Nov. 12, 2013
/PRNewswire/ -- Omeros Corporation (NASDAQ: OMER) today announced that it will present data from its Phase 3 clinical program for OMS302 at the American Academy of Ophthalmology (AAO) Annual Meeting, which will take place from
November 16 through November 19
New Orleans, Louisiana
. The presentation, "Two Phase 3 Trials of OMS302 in Irrigation Solution for Maintenance of Mydriasis in Intraocular Lens Replacement (ILR)" includes key analyses from the Phase 3 program for OMS302. These analyses are included in both the US and European marketing applications for OMS302.
, M.D., Omeros' vice president of clinical development and chief medical officer, will present the data on
in Hall C.
OMS302 was also selected to be included in the symposium at AAO entitled "Cataract Surgery: The Cutting Edge," which features novel technologies for cataract surgery for presentation and discussion by an expert international panel. The symposium is scheduled to begin at
in The Great Hall.
About Omeros' OMS302 Program
OMS302 is Omeros' product being developed for use during intraocular lens replacement (ILR), including cataract surgery and refractive lens exchange. OMS302 is a proprietary combination of the mydriatic (pupil dilating) agent phenylephrine and the anti-inflammatory agent ketorolac. Omeros' NDA for OMS302 has been accepted for filing by the FDA and its MAA for OMS302 has been validated by the EMA.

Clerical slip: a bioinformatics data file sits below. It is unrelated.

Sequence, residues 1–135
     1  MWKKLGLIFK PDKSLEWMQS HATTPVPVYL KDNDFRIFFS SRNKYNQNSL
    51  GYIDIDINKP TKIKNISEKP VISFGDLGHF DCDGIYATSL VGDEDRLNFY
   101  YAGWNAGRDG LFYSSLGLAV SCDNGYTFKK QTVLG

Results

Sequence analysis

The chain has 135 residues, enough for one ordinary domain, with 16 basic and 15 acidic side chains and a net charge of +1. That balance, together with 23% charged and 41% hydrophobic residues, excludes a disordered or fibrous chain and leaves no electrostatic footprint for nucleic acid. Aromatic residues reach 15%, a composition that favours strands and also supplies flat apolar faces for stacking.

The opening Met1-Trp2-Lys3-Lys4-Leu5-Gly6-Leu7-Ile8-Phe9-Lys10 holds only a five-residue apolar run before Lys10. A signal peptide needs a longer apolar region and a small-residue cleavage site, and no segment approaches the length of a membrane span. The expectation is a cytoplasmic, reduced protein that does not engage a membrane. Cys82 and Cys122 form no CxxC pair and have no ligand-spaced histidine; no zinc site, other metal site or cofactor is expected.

ILR involves replacement of the original lens of the eye with an artificial intraocular lens. These procedures are typically performed to replace a lens opacified by a cataract or to correct a refractive error of the lens (i.e., refractive lens exchange). OMS302 is added to standard irrigation solution used in ILR and delivered within the eye to maintain intraoperative mydriasis (pupil dilation), to reduce surgically induced miosis (pupil constriction), and to reduce postoperative pain and irritation. Maintenance of mydriasis is critical to the safety and surgical ease of the procedure. Intraoperative pupil constriction increases the risk of injury to intraocular structures and can substantially prolong surgical time.